Contemplating Seneca #85

This week I started listening to the Joe Rogan Experience Podcast #1470 with Elon Musk. One of the first topics discussed is why Elon Musk is selling all his houses. What was his answer? Target vector. Huh? Apparently his houses increase his chances of being targeted by the outside. All his wealth, and he is looking at it as a burden. His plan for the future is to rent his lodgings.

As I listened to this I was reminded of Thomas J. Stanley’s The Millionaire Next Door. According to the book, the average millionaire is not the guy with all the flashy possessions. Instead, it is the guy who lives modestly and doesn’t spend his money on everything that catches his fancy. I read this book in my thirties, and it was a slap in the face of my twenties. Back then, I wasted all kinds of money on the wrong things. I was all show with no real financial substance to back it up.

There was another thing I was reminded of as I listened to Elon Musk’s interview. Check out these words from Seneca:

Set aside a certain number of days, during which you shall be content with the scantiest and cheapest fare, with coarse and rough dress, saying to yourself the while: “Is this the condition that I feared?”…If you would not have a man flinch when the crisis comes, train him before it comes. – Letter #18: On Festivals and Fasting

Practice poverty. Practice living below your means. Do this and if Fortune deals the dreadful blow, you will not face anything that you have not previously endured.  As Seneca says later in the same letter, “Let us practice our strokes on the “dummy”; let us become intimate with poverty, so that Fortune may not catch us off our guard.” Many of us have dealt with the hard times before. Hopefully, all of us have recovered from those times or are actively in the recovery process. The process has made us more resilient. But let us not forget that the hard times can come again. Wouldn’t it be better to prepare now?

Boldly Go

Last week I was able to catch The Joe Rogan Experience episode #1108 with Dr. Peter Attia. Joe Rogan’s podcast is consistently at the top of the charts and may be one of my favorite ones to listen to. I honestly think I learn something new every time I listen to it.

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In this episode, Dr. Attia talks about his open water swimming. He once held the record for the double-crossing of the Auau Channel (Maui to Lanai and then back to Maui). The over 19 mile swim took 11 hours and 45 minutes.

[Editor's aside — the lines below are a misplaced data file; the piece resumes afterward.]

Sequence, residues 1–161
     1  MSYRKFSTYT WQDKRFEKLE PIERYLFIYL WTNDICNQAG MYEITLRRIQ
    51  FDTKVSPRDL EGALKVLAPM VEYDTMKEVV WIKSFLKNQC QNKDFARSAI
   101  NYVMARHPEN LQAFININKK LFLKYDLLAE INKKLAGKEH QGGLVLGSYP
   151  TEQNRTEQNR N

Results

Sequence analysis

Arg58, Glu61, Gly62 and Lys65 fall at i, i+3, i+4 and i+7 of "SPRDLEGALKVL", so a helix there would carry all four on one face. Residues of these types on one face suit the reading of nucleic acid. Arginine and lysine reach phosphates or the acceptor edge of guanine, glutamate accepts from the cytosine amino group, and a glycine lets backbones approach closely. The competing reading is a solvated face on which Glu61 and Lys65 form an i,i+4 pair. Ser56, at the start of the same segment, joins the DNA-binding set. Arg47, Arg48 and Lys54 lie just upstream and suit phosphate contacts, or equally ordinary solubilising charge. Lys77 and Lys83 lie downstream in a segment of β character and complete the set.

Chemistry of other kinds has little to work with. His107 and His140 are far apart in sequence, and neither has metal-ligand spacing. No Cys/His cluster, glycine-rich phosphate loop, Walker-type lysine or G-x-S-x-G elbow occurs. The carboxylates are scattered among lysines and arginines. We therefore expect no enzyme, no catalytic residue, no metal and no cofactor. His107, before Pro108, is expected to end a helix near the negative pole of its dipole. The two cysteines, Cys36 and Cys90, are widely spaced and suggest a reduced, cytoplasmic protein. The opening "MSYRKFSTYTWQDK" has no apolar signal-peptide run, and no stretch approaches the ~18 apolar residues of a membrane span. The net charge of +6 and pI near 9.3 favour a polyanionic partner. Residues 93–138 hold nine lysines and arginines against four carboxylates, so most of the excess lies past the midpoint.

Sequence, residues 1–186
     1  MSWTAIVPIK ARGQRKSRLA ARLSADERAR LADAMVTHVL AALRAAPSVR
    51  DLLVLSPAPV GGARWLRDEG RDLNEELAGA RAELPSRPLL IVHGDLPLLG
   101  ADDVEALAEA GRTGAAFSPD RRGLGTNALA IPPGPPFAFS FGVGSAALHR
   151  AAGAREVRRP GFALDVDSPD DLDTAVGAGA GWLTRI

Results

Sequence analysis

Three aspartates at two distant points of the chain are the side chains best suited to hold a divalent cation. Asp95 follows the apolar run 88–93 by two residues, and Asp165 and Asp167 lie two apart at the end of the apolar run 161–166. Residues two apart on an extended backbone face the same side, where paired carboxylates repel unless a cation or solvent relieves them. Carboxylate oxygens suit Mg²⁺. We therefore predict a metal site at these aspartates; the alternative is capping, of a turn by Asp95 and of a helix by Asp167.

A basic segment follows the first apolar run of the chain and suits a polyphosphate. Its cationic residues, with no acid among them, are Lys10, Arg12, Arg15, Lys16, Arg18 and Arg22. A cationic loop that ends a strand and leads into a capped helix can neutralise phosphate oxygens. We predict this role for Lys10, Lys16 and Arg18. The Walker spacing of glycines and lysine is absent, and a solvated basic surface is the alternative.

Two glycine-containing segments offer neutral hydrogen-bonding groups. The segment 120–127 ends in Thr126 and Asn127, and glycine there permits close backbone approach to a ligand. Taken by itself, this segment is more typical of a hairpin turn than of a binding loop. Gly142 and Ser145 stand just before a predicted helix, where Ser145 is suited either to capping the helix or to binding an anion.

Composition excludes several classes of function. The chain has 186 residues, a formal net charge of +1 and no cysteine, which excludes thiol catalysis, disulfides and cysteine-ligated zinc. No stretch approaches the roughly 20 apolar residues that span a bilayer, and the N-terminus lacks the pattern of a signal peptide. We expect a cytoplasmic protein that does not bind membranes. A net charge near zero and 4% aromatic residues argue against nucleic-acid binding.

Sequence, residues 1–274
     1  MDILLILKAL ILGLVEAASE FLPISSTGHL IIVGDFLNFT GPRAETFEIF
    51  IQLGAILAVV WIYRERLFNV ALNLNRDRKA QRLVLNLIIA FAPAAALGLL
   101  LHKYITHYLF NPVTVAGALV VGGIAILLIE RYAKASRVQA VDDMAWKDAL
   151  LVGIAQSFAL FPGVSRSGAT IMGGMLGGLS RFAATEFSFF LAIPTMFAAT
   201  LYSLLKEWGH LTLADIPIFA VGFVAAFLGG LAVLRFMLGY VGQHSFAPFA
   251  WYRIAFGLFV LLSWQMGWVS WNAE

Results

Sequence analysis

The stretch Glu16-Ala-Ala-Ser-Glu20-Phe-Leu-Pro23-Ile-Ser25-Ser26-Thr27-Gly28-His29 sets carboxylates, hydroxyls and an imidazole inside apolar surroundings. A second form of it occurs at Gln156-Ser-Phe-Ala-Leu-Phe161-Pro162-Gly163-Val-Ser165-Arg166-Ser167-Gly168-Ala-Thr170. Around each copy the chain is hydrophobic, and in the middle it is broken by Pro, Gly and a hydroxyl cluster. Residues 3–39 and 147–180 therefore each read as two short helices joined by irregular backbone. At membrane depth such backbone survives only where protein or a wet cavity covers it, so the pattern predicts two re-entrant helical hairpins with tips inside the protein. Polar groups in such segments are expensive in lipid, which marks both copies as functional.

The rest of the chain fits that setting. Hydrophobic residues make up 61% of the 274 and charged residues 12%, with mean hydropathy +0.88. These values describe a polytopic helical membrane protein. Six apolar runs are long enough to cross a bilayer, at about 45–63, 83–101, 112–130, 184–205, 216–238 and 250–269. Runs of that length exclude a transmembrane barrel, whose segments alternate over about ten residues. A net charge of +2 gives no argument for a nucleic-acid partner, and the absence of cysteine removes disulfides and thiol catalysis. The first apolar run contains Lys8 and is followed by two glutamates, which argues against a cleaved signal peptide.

Can you imagine it? The swim was completed overnight to not interfere with shipping traffic. It was done at night, when God knows what is lurking or hunting in the waters below. Leaving the safety of the shore, you walk into the water and begin swimming into the unknown. There is no sight of land on the other side, only the open water.

You cannot swim for new horizons until you have the courage to lose sight of the shore. –William Faulkner

The vision is clear in your head. You can picture the destination. You can smell it and hear it. You may not be there physically. But in your mind’s eye, you go there often. How will you get there? How will you make your vision a reality? You take that first step, then the next, and you keep stepping. That first step takes courage. It is only one tiny little step. But to build courage, you have to start out small. You have to take tiny little steps over and over. In time, your stride will lengthen and you will gain your rhythm. As you train daily in courage, your ability to go farther and farther from the shore increases. You will become comfortable doing the things other people fear.

Exploration across the land, the sea, and through space began with hope. There was a hope in something beyond the known. The known is safe, and to venture into the unknown takes courage. You hope the rewards are worth it. But without taking that first step, you will never know.